Dynamical Systems and Statistical Mechanics: an LMS Durham Research Symposium

Lead Research Organisation: Durham University
Department Name: Mathematical Sciences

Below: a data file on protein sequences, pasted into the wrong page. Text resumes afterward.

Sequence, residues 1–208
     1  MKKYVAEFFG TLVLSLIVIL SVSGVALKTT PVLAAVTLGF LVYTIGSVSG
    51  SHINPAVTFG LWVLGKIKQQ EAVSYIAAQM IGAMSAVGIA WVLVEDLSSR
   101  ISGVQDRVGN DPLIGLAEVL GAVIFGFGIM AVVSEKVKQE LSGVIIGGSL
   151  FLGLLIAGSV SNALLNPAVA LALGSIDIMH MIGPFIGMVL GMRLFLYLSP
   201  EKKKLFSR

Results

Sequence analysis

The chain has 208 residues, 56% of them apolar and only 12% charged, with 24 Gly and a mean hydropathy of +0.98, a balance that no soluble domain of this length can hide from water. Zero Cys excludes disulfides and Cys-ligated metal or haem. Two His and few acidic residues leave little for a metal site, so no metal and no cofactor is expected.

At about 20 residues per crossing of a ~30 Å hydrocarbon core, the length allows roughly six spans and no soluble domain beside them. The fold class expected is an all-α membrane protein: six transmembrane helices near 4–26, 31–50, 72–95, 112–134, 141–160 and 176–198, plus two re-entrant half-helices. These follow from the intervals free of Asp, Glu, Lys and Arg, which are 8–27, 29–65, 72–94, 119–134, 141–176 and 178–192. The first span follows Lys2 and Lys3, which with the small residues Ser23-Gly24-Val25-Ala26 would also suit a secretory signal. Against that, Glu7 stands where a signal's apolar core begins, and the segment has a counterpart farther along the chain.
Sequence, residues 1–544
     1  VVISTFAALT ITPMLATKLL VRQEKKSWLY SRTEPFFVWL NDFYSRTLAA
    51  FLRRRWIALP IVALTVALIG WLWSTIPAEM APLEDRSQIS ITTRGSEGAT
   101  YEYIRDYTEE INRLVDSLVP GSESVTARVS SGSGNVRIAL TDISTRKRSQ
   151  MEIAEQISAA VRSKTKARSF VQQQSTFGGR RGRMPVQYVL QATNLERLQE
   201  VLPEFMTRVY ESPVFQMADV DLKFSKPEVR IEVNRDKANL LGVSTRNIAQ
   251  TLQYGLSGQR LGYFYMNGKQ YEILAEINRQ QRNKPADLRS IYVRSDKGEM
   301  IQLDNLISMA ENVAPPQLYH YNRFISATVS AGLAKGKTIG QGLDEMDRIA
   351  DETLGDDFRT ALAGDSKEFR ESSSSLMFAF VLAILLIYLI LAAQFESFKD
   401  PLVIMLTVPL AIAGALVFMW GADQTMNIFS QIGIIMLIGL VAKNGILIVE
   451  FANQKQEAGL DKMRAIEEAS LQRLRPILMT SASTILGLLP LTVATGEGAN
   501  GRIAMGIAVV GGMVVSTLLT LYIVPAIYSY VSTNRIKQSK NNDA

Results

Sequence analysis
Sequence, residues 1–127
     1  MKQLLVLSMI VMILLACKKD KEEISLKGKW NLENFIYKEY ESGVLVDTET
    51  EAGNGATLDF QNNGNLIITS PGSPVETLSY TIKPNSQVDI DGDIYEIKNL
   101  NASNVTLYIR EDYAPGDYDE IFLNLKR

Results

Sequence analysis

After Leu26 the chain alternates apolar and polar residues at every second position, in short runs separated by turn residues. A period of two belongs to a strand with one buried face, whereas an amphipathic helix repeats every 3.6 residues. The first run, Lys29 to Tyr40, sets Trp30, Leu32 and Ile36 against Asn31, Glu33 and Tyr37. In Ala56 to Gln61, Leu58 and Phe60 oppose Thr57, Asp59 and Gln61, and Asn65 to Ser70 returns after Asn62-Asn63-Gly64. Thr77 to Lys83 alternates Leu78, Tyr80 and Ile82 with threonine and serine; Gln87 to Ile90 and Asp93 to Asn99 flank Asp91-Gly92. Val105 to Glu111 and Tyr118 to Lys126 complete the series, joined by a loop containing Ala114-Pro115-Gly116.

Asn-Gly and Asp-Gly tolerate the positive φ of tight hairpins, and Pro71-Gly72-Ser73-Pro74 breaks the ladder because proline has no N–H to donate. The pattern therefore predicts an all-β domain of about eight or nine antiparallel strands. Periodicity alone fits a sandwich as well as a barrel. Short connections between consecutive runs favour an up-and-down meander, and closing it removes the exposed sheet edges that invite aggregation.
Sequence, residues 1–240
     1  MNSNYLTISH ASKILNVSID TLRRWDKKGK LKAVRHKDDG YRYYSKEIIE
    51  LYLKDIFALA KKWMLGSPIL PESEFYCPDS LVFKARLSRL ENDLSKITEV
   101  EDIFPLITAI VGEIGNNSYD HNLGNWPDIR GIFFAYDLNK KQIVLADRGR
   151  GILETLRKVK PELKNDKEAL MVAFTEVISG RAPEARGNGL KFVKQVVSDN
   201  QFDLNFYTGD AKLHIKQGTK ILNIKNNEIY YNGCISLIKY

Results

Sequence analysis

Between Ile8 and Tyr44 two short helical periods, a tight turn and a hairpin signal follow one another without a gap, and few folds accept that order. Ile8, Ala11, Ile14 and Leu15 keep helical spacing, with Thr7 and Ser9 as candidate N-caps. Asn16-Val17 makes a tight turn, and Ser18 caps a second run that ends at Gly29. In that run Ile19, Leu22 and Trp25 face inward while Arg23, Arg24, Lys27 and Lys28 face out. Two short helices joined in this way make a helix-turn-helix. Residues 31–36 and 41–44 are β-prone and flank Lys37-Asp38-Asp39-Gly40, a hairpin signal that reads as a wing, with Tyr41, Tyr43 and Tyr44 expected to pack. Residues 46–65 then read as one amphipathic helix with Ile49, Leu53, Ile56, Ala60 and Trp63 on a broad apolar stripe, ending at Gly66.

Newton's laws of motion are no longer good enough. Today, statistical mechanics lies at the heart of the physical sciences. For instance, a statistical analysis of the behaviour of the molecules of a given system helps explain why heat flows from a hot body to a cold one (thermodynamics), how clouds move as they do, and much more besides. Other areas of application include the behaviour of financial markets or complex biological systems.More than 100 years after the formulation of the theory of statistical mechanics by Boltzmann, Gibbs, and many others, the foundations of this theory are still the subject of active research. The ultimate objective is to completely explain, for instance, thermodynamic and statistical mechanics behaviour from the microscopic equations of motion.Dynamical systems, on the other hand, have traditionally dealt with many fewer variables, and take a more deterministic approach. A typical problem might be the following. If the speed and direction of a ball depends only on its position in a particular known way, when will there be starting points for which the body returns to its original position with its original speed and direction?In recent years there has been considerable progress in the theory of dynamical systems, and the boundary between this and statistical mechanics has become blurred, for instance in the study of chaos. Further links have been established through, for example, the study of heat flow or weather patterns. Results similar to those which have been proved for simple model systems using dynamical systems may ultimately help to justify some of the key assumptions of statistical mechanics. On the other hand, some formal mathematical methods borrowed from the theory of the statistical mechanics of heat flow have turned out to be very successful for the analysis and description of dynamical systems. It is proposed to hold a 10 day conference concentrating on the intersection between the areas of dynamical systems and statistical mechanics, organised by C. Beck (Queen Mary), C. Dettmann (Bristol) and M. Pollicott (Warwick). This will bring together leading overseas and UK researchers for a period of concentrated research activity and interchange of ideas. The programme will be designed to focus on areas which show particular promise, and where interactions between different groups are likely to be of most benefit. There will be an uncluttered lecture programme, with ample opportunities for discussions, collaborations and informal talks.The results of the meeting will be directly distributed in two ways. There will be an actively-managed and easily accessible website, which will contain a list of participants, abstracts of talks and other relevant information. A lasting and more detailed record of the meeting will be provided by the publication of a book describing and expanding on the material discussed. In addition, it is expected that several cutting-edge articles inspired by the subjects covered in the meeting will appear in research journals. The conference is expected to provide a major lasting fillip to world research in areas of fundamental importance for our understanding and ability to predict the behaviour of complex physical systems.


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